lobbyists

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Pack Mentality

Remember that story a couple of weeks back about a memo instructing staffers in Rep. Don Young's (R-AK) office to give unrestricted access to certain "A-Team" lobbyists? Well, some of those same names are showing up again on the list of people who've donated to Young after his chief of staff reminded them in an email that if Young loses his re-election bid amid accusations of corruption, "you and your clients will be impacted."

A Beautiful Friendship

The Washington Post examines Rick Davis' vital role in Sen. John McCain's presidential campaign, and his history with the Senator which they describe as a "relationship [. .

More on the "A Team"

Yesterday, Katie pointed to an "intern guide" leaked out of Rep. Don Young's (R-AK) office. The guide listed an "A Team" of lobbyists who were to be given access to any Young staff member they wanted.

 

It's of course no surprise that big corporate lobbyists get special treatment in Washington.

 

Young's "A Team"

Lobbyists who gave thousands to Rep. Don Young (R-AK) over the course of his career were on an "A Team" granted special access to Young and his staff, according to an unofficial "survival guide" for interns in Young's office obtained by The Hill. In addition to explaining the preferences and quirks of Rep. Young and his wife, the guide lists the lobbyists who were given access to any staff member they wanted.

Identifying the Threat

Breaking news: not all lobbyists are evil people. In related news, "lobbying" signifies so many different types of activities undertaken in pursuit of so many goals that to vilify or exonerate the whole profession is a useless enterprise. Instead, let's get after the real danger here: big campaign contributions from lobbyists (and their clients) that come in around about the same time key legislation is being debated and voted on. Lobbying isn't wrong, legalized bribery is.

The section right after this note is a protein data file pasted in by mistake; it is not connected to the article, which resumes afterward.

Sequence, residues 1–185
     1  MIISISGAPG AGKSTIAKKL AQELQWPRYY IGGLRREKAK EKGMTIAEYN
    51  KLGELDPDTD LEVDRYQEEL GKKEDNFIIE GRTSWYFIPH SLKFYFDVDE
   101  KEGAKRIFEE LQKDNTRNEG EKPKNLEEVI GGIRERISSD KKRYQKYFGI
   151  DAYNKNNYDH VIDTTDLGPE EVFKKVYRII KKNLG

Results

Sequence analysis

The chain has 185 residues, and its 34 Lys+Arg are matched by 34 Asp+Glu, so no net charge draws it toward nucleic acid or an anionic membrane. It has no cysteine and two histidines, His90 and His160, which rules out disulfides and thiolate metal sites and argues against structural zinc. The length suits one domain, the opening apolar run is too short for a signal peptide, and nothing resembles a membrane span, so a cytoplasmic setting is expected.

Well-Timed Giving

From an article in The Hill by "K Street Insider" Thomas Spulak on best practices for lobbyists giving campaign contributions: "The more time between making a campaign contribution and requesting official action, the better." Timing is, as they say, everything.

Revenue for the Reformer

As Senators Barack Obama and John McCain head out on the fundraising trail as their parties presumptive nominees for President, the Washington Post wonders how the two, who have each exerted considerable effort to frame themselves as reformers out to change the way campaigns are financed, go about navigating the big money game in their race for the White House.

One way to shore up the change-agent image would be to endorse full public financing of elections for all federal campaigns -- something Obama has done, but McCain has not. What else are they doing?

Lolly Gagging

More bad news for Sen. John McCain on the lobbyist front: ThinkProgress expands on the MSNBC report that former Sen. Phil Gramm, one of McCain's economic advisors, was lobbying for a bank during hearings on bills to address the mortgage crisis at the same time he was advising McCain on the very issue.

The Money Matters

This Washington Post editorial nicely illustrates why it's dangerous to get caught up in a debate about lobbyists, and miss the larger concern about the influence of private money on public policy from which all this debate stems.

Being John Lobbyist

Joel Stein at Time goes undercover as a lobbyist-for-a-day (well, "advocate" actually, according one of the Representatives he lobbies) and sadly finds no occasion to deploy the $100 bills he stuffs in his pocket. Silly rabbit, you give those out over cocktails!